Instead of starting college last year in the fall like many of his friends did, DePaul incoming freshman Jonathan Oppenheimer traveled to Israel and took what is known by many as a “gap year.”
“I actually was mostly compelled to do a gap year based on some advice my sister gave me before I graduated high school,” Oppenheimer said. “She told me that the next few years of my life will be some of the best and freest years of my life, and that I should try to extend them as long as I can.”
Oppenheimer decided to go overseas to Israel because growing up in a small Jewish community in Massachusetts, the term “gap year” was almost always associated with traveling to Israel. He wanted his gap year program to include living in that specific country.
He decided on a program called Kivunim. Oppenheimer got to live in Israel while also having the opportunity to travel around the world and study different cultures and Jewish history.
“It’s been an incredible experience overall,” Oppenheimer said. “I feel like I’ve been able to greatly expand my worldview. It’s been really humbling overall to see a multitude of cultures from around the world that have all existed and developed separately from each other for hundreds to thousands of years.”
Like Oppenheimer, an increasing number of U.S. students — including President Obama’s daughter, Malia Obama — are taking a year off between the end of high school and the beginning of college. There has been an increasing interest in the gap year in the U.S. The amount of young people taking a gap year has grown 23 percent in the U.S. between 2014 and 2015, according to the American Gap Association (AGA), an association that provides resources to students interested in taking a gap year.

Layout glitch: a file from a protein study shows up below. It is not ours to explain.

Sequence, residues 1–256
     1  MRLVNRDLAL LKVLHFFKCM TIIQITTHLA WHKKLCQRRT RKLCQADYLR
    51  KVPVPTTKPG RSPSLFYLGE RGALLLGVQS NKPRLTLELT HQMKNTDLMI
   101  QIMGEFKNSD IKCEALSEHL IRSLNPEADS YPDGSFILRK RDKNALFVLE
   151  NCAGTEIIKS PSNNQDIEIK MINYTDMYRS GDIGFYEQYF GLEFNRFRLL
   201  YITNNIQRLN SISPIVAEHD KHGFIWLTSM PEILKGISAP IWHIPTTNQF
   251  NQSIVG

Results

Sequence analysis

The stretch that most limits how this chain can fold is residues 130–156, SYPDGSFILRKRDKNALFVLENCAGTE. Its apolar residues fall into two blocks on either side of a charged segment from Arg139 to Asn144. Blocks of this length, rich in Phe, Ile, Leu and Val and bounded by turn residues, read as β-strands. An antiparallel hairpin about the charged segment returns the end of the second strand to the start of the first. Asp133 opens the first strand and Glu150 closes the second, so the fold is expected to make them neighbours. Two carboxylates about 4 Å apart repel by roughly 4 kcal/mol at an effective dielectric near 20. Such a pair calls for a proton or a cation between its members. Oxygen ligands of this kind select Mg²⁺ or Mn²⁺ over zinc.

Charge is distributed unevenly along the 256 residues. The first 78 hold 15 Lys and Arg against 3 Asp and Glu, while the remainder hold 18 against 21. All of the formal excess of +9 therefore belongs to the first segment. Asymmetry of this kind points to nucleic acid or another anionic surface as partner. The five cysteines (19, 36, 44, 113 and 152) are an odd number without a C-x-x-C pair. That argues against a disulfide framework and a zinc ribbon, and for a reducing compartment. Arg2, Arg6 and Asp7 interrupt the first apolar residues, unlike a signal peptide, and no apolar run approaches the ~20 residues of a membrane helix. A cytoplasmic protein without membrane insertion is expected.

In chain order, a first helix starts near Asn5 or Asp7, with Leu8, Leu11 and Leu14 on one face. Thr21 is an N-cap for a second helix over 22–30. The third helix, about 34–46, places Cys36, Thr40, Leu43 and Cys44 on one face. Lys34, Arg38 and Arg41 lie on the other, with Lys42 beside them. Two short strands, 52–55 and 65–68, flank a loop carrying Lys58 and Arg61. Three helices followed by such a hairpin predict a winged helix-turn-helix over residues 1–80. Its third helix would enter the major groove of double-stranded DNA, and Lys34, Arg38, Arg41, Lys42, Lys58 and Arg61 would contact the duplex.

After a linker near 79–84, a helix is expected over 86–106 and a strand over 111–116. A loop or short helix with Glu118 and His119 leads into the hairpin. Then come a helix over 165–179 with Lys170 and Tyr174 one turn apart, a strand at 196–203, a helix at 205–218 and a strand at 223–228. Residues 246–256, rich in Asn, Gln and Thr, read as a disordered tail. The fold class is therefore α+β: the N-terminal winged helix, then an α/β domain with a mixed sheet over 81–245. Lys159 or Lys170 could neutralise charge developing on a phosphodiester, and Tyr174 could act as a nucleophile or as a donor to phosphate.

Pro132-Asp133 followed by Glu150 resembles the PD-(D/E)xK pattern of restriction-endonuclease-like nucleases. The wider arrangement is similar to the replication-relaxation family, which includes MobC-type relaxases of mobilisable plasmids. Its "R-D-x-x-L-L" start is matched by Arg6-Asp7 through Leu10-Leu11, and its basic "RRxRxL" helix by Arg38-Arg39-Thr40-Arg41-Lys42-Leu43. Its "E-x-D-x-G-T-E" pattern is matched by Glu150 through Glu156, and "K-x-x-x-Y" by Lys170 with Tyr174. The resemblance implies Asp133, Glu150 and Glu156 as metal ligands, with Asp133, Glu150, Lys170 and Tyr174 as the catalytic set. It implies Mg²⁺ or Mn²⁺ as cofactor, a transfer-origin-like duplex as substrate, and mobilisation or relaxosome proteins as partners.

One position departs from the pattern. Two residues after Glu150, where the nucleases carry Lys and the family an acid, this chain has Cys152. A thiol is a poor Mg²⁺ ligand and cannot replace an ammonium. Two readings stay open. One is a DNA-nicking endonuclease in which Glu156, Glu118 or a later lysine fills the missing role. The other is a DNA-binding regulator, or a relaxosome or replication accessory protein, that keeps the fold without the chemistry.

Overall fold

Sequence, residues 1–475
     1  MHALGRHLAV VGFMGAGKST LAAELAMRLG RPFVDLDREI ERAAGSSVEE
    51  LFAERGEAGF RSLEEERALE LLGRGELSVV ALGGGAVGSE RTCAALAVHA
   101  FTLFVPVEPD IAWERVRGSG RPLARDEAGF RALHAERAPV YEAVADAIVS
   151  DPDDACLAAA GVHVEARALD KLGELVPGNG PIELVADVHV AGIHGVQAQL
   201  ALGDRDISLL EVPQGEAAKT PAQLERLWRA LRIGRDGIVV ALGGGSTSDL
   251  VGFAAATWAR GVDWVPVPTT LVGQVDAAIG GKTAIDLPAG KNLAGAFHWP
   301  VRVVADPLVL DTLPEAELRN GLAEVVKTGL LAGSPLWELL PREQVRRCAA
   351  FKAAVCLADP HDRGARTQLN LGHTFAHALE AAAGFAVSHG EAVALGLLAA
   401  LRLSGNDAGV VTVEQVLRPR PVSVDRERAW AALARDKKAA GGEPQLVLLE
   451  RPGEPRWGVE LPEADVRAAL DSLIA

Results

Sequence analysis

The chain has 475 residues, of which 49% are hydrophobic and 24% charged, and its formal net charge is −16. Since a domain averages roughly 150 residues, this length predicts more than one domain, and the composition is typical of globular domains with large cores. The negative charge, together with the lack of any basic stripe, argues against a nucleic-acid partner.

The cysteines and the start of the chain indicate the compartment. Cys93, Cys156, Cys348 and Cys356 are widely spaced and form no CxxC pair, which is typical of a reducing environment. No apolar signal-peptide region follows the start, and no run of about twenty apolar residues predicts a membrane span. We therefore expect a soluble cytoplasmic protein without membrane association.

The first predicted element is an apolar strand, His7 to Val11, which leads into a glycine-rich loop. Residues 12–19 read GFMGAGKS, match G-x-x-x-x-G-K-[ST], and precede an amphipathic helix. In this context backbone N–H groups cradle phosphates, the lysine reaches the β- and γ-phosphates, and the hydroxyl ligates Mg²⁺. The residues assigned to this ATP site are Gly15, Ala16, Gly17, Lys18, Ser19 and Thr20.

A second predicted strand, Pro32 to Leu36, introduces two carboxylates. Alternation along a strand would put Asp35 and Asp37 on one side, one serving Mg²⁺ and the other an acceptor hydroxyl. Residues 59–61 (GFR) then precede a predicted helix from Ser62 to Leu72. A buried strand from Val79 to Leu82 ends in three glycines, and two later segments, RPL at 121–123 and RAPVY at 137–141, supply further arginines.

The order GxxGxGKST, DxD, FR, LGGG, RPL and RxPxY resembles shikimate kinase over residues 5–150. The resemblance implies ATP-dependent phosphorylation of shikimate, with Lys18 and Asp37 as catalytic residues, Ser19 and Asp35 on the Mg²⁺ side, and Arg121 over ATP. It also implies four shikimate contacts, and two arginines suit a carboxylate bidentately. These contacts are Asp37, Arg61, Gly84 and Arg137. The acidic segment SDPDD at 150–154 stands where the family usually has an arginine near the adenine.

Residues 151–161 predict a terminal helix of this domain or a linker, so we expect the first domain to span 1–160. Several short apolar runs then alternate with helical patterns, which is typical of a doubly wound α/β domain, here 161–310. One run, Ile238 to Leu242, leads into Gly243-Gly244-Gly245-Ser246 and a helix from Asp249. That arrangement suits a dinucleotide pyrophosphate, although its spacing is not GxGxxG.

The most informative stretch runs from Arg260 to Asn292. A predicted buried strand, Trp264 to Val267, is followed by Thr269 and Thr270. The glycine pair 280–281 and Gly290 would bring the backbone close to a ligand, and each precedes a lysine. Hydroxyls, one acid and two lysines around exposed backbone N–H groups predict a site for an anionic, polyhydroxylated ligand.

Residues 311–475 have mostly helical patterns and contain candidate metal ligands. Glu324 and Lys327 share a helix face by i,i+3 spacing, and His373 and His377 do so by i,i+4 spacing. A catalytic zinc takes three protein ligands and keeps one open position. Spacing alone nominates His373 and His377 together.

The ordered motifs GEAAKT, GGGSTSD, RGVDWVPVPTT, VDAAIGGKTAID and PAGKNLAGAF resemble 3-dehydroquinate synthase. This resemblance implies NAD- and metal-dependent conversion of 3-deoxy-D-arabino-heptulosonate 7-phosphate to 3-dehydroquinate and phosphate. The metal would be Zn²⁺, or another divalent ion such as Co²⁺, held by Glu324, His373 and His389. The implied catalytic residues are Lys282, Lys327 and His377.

Enrollment in programs also increased 27 percent from 2012 and 2013. According to a study by the Council on International Education Exchange, colleges like Harvard have seen a 33 percent increase in the number of students taking a gap year and MIT saw the number of gap year students double from 2009 to 2010.
This gap year can either occur internationally or domestically, but must involve personal growth for the individual taking part in it, according to AGA.
Some might think taking a year off before starting school is not a good idea, as students may not return to school, but 90 percent of students who take a gap year actually go to college.
The gap year is popular across the world, including in Australia and Europe, but has become increasingly popular in the U.S. over the years, and there is a good reason why.
Some students are not sure what field to study in college, they might not be as mature as they hope to be or they might just want to volunteer their time before not having the time in college.
High school counselors like Brandi Rojas do not think all students should take a gap year.
“The gap year is not for everyone and if not planned correctly can lead to unwanted results,” Rojas said. “I understand that it’s a growing trend that more and more students are contemplating. Professionally, I feel that the gap year can be beneficial to the student who has a structured plan of what they are going to do within that one year between graduating high school and postponing their freshman year of college.”